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monroechamber.org

The Monroe Chamber of Commerce serves as an advocate organization for both large and small business.  The chamber is currently seeking new members to join in promoting business and the economy of the city of Monroe. 

"From supporting local initiatives that better the business community to meeting with the state's delegation, the chamber keeps members informed of what's taking place," says Wynn Lawrence, co-chair of the membership campaign. 

SkyMall, the ubiquitous in-flight catalog that reliably greets you in the seatback pocket, is falling victim to technological innovation.

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In a response to recent incidents in which large commercial airliners have vanished into oceans, the National Transportation Safety Board is calling for new regulations requiring all passenger planes that fly over large bodies of water to be equipped with more sophisticated flight tracking technologies.

Like it or not, our seafood increasingly originates not in the deep ocean but on fish farms hugging the coasts. Aquaculture already supplies about half of the world's seafood, and global production is going to have to more than double by 2050 to meet demand, according to the World Resources Institute.

The business opportunity here is tremendous. Thousands of operations around the world now produce huge numbers of salmon, shrimp, mussels, tilapia and catfish, to name a few fish species that thrive on farms.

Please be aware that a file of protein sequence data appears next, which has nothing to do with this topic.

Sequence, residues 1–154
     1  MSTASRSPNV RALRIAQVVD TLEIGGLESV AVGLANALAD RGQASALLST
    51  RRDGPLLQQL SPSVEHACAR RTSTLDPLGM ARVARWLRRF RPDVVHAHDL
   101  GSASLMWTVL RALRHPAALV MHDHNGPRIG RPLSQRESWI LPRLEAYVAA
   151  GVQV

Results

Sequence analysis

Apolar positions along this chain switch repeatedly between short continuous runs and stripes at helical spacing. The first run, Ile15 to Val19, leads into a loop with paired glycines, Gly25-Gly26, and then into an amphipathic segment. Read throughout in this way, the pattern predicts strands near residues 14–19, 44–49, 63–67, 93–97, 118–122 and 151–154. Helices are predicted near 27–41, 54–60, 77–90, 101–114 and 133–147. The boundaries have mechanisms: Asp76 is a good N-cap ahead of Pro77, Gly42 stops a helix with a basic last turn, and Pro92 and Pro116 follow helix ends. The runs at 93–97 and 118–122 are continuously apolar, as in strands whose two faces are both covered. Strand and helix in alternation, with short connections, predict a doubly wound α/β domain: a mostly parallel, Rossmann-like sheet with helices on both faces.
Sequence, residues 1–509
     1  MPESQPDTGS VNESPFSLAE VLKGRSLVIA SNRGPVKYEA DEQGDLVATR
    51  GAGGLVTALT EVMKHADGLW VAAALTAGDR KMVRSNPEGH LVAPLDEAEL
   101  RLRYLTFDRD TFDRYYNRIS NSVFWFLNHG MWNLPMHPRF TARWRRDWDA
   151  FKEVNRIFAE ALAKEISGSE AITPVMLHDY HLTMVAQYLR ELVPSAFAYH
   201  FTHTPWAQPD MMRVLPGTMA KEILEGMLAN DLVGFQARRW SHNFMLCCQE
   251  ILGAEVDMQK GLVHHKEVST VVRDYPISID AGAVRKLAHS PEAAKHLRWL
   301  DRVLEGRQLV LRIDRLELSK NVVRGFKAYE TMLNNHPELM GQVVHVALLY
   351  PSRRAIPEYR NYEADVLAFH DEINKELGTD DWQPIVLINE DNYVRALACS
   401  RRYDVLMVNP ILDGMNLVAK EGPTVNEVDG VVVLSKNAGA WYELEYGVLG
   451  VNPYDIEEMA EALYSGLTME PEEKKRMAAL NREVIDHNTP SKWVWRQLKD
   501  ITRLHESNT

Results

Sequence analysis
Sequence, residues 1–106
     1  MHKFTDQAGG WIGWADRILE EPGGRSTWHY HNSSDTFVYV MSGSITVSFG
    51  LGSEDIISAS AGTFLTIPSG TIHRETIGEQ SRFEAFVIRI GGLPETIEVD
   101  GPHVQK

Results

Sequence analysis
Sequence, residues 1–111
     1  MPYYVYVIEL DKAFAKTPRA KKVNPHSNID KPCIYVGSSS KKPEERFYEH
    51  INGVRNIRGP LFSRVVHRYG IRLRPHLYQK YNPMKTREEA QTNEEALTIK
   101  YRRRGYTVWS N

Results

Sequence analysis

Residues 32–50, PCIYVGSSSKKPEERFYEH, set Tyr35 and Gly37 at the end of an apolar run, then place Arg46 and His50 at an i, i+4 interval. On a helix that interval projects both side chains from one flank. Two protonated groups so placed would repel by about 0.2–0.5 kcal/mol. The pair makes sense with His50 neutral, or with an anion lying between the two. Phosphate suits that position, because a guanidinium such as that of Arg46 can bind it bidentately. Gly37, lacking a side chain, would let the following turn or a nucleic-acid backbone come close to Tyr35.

The Great Recession hobbled the U.S. economy and crushed many businesses, but some companies thrived, including the so-called "dollar" stores.

Shoppers flocked to them because you could buy a lot with not much money. And as the economy rebounds, people are still going to some. But one chain, Family Dollar, hasn't kept pace with its competitors.

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Copyright 2015 NPR. To see more, visit http://www.npr.org/.

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ROBERT SIEGEL, HOST:

Debate: Is Amazon The Reader's Friend?

Jan 22, 2015

Amazon owns 41 percent of all book sales and 67 percent of all e-book sales mainly because it offers lower prices. But the e-commerce company came under fire in late 2014 when Amazon and the publishing house Hachette faced off over who should set the price for e-books. The debate raises questions about Amazon's growing place in the market, the changing role of publishers and the value of books in our society.

What would incomes look like for U.S. families today if the income distribution were the same as it was in 1979?

Larry Summers recently made this really intriguing calculation in the FT.

His conclusions:

  • Families in the bottom 80 percent of the income distribution would be making $11,000 more per year, on average, than they're earning today.

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